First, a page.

A vitamin D supplement every day can help keep diabetes away, a study suggests.
In a meta-analysis of 17 studies, Tufts University researchers found that pre-diabetics could reduce their likelihood of developing the potentially-crippling condition by 15 percent.
The ‘sunshine vitamin’, which is absorbed by the skin through the sun, is known to increase a person’s glucose tolerance and their blood’s sensitivity to insulin.
Officials estimate that 100million people across the US and UK have pre-diabetes — someone with unhealthy high blood sugar that is not high enough to be considered diabetic.
Vitamin D has many uses in the body, and not getting enough every day has been linked to brittle bones, a bad mood, and numb fingers.
Researchers found that over a four-year span, pre-diabetics who regularly used vitamin D supplements (dotted line) were 15 percent less likely to have their condition convert into diabetes than those who did not (solid line)
‘Vitamin D in people with prediabetes was beneficial in decreasing risk for diabetes and increasing the likelihood of regression to normal glucose regulation, with no offsetting safety signals,’ researchers wrote.
In an analysis published Monday in the American College of Physicians Journal, researchers from the Boston-area school found vitamin D supplements could help stave off diabetes.
They analyzed two other meta-analysis, which in turn included 17 studies between them. A total of 38,780 participants were included across all of the research. Within that group, 4,190 were pre-diabetic.
The studies in question looked at vitamin D’s use in preventing other injury and illnesses, such as bone fractures.
Each of them also included information on patients’ blood sugar as ancillary data, and the Tufts team gathered it for their major study.
They found that pre-diabetics who used a vitamin D supplement were 15 percent less likely to develop diabetes over the next four years.
Vitamin D is crucial to the body’s metabolizing of calcium and is long known to be great for bone health. Emerging research shows it can also help the body regulate blood sugar, making it a valuable tool for pre-diabetics. It is primarily absorbed by the skin through the sun, but supplements can help a person get their daily dose too (file photo)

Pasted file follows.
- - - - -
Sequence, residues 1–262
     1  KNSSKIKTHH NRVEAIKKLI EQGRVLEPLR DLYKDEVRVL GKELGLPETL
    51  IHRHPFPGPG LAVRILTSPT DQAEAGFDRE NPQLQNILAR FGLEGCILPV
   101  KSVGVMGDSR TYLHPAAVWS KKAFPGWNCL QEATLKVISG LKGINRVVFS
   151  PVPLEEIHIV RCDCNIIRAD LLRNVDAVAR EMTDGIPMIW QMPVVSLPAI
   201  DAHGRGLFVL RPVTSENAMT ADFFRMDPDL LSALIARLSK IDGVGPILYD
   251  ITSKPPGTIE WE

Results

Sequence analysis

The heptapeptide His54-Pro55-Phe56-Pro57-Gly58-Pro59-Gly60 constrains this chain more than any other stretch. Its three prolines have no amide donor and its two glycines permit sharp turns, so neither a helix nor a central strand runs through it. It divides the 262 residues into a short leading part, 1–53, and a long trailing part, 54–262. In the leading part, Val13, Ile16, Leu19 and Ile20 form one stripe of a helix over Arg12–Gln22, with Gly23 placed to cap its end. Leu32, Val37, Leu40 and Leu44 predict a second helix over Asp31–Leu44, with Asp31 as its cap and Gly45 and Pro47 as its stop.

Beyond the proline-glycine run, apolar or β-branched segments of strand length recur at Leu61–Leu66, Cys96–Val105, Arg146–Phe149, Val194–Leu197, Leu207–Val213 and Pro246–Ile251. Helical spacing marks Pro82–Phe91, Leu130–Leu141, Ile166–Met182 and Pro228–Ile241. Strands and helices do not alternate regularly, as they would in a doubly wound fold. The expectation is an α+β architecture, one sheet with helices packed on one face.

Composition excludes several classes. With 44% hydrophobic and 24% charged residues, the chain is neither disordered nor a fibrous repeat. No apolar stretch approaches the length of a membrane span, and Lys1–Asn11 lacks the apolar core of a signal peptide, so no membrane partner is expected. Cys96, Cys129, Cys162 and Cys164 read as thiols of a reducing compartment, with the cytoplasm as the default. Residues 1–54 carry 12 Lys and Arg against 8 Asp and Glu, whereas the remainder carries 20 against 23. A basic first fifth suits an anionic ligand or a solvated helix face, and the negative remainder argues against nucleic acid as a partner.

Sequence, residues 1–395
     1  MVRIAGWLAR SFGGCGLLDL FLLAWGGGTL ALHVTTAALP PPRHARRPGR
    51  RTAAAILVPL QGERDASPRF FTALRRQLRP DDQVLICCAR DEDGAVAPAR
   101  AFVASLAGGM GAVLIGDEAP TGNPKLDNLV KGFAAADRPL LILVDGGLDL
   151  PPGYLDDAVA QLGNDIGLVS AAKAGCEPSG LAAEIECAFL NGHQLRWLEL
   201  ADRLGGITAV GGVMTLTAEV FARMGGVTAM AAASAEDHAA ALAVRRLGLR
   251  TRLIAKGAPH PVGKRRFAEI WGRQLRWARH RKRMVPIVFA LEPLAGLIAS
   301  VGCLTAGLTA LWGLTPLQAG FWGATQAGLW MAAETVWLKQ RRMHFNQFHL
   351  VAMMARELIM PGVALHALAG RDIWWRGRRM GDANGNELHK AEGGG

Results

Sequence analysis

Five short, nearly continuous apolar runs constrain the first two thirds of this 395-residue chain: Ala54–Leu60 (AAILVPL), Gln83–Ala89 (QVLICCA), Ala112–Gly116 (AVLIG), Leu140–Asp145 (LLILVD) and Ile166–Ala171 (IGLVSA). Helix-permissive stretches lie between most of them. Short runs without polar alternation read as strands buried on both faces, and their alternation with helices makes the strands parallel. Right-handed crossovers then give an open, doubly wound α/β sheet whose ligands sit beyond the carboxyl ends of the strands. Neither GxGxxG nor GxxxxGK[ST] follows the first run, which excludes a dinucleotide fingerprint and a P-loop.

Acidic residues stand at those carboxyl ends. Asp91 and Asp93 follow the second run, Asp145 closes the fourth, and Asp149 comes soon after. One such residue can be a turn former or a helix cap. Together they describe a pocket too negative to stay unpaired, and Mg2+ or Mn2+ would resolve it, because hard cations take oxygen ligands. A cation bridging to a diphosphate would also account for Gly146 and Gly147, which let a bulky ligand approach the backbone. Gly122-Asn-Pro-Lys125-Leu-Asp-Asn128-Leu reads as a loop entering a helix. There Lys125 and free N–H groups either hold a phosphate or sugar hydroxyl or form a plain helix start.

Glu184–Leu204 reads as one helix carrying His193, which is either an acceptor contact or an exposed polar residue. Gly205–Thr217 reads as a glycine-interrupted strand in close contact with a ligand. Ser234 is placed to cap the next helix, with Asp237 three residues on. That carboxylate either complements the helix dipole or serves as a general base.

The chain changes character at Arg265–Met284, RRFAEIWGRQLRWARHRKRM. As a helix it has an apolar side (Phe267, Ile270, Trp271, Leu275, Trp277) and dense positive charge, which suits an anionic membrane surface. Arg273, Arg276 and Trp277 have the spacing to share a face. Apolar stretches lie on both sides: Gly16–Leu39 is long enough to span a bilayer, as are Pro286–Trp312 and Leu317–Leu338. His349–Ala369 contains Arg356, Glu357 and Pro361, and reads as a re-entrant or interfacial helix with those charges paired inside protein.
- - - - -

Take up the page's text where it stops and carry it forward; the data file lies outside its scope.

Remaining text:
Weight-related conditions such as obesity, diabetes and pre-diabetes have reached crisis levels in the US.
The Centers for Disease Control and Prevention (CDC) reports that 70 percent of Americans are overweight, and 40 percent are obese.
Being too fat is one of the leading risk factors for type 2 diabetes and a host of other serious medical conditions.
Type 2 diabetes occurs when a person’s body either does not produce enough insulin or their blood begins to resist insulin because of a constant high blood sugar.
Unlike type 1 diabetes, a person cannot be born with the condition. In most cases, type 2 diabetes is caused by poor diet and exercise.
The CDC reports 40million Americans suffer from diabetes, with more than 90 percent having type 2.
While diabetes is not curable, some people with high blood sugar can still turn things around.
Pre-diabetes is a condition that occurs when a person suffers an unhealthy resting blood sugar, but not so high that it can be classified as diabetes.
An estimated 90million Americans are prediabetic, according to CDC. UK officials report 7million pre-diabetics across the pond. While many of these people will develop diabetes, they still have time to reverse course.
Diet and exercise are the usual tips for preventing the next stage from developing, but scientists believe they have found a new tool for preventing the disease.
Because the studies were looking at other factors, none gave an explanation as to why the vitamin helped combat high blood sugar.
But, experts have long suspected vitamin D could be a treatment to prevent diabetes.
The vitamin is most often associated with bone health, as it is needed by the body to process calcium and build a strong skeleton.
Vitamin D plays a crucial role in the body’s process of releasing insulin, which processes the sugar in the blood and allows it to be used for energy.
Calcium also helps stimulate insulin production in the body, which can also help fight diabetes.
There is also the fact that vitamin D is absorbed primarily while outdoors, and a person who spends more time doing active, outside activities is more likely to have healthy blood sugar.
While the sun is a great source of vitamin D, getting enough sun each day can be tough for the majority of Americans that spend 40 or more hours a week working indoors.
Vitamin D deficiency is primarily known to be a problem during winter, when people spend even more time indoors and bundle up heavily when trekking outside. This is where the supplements can help.
Experts warn that vitamin D supplements come with some downsides, though.
Taking too much vitamin D can lead to calcium deposits forming in the body, harming the function of organs like the heart and kidneys.